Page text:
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Taking Care of His Wife

May 28, 2016 2:16 am0 comments

I’m on the flight home from Northern California, where I just ran a 3-day leadership summit for my boss’ boss, the CIO of Google. We spent many months preparing the content and logistics, hoping to make it truly spectacular and inspiring for the 100 leaders who were invited.

On night two, the CIO approached to tell me that he’d be missing the last day. He was flying home that night to take care of his wife, who had come down with the flu, and their three children.

I was majorly bummed. This was his summit. His vision. His leadership team. He was scheduled to give opening and closing remarks the following day, to act as the container for all of the learning and ideation and connecting that we had done our best to encourage.

I immediately thought of my own husband who likely wouldn’t come home from a normal day of work if I had the flu, let alone fly across the country. And of my father, who headed to work each day of my childhood no matter who was ill. It wasn’t even a consideration for him to stay home, and he likely expected dinner to be on the table when he returned.

For the briefest moment, I felt frustrated. Can’t she hire a babysitter to handle the kids? Isn’t there someone else who can bring her water and Saltine crackers while he finishes up this summit?

And then my selfish little Grinch heart swelled.

I’ve been on the receiving end of his respect for family many times. It is one of the reasons I value my job at Google. I, unlike many women I know, am allowed to be both a mom and an employee, because he sets the tone for our organization, and it is one that values family above all else. He apologized profusely to me the night that his admin scheduled a meeting for us at 7pm, and – unable to get a babysitter – I appeared over video conference with my baby on my lap. When a woman who reported to him couldn’t come back from maternity leave on time because her nanny bailed at the last minute, he didn’t bat an eye before telling her to take all the time she needed to find a childcare arrangement that made her comfortable. Don’t rush it, he said.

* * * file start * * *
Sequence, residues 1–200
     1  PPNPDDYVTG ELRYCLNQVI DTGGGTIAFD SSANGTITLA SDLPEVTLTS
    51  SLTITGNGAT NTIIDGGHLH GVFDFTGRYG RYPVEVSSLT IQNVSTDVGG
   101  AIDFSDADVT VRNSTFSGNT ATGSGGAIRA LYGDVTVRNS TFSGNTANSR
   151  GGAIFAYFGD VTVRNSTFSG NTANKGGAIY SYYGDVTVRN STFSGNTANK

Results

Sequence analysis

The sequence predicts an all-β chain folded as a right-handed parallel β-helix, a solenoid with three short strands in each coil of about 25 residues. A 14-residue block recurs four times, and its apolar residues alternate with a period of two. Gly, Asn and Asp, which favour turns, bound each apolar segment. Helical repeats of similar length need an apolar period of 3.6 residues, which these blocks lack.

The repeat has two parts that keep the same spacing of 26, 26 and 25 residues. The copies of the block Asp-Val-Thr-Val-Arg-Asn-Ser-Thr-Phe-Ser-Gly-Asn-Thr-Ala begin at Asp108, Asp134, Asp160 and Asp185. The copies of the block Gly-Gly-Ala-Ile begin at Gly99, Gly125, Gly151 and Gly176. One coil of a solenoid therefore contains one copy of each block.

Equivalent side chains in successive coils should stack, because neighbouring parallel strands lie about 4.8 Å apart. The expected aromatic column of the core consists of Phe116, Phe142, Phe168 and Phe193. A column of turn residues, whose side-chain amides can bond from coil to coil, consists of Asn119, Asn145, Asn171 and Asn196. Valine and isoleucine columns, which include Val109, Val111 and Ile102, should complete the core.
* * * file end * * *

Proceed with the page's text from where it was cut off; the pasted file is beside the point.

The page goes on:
And here he was – not only being a dedicated husband and father – but setting an example for me and 100 of his top leaders, that it really is okay to prioritize your family. That it is, indeed, the right and obvious thing to do.

Ann Marie Slaughter wrote about this in Unfinished Business, a book that I have given to numerous friends and proselytized to others. Our culture has so greatly discounted care, and we are growing hollow because of it. I read her article in the Atlantic, and murmured (exclaimed?) “yes!” over and over again. And here I was, witnessing a part of the sea change we’re all hoping for.

It won’t come from the lower rungs of the business world, because it can’t. I know the guilt my own husband suffers when I alone am caring for our two sick boys. But I also know that in his world, it is not acceptable to go home because someone is sick, himself included. The culture does not allow for priorities higher than work.

We need more leaders who are committed to their careers, but who are even more committed to their families. Thank you, Mister CIO, for going home to take care of your wife. There is nothing better you could have done.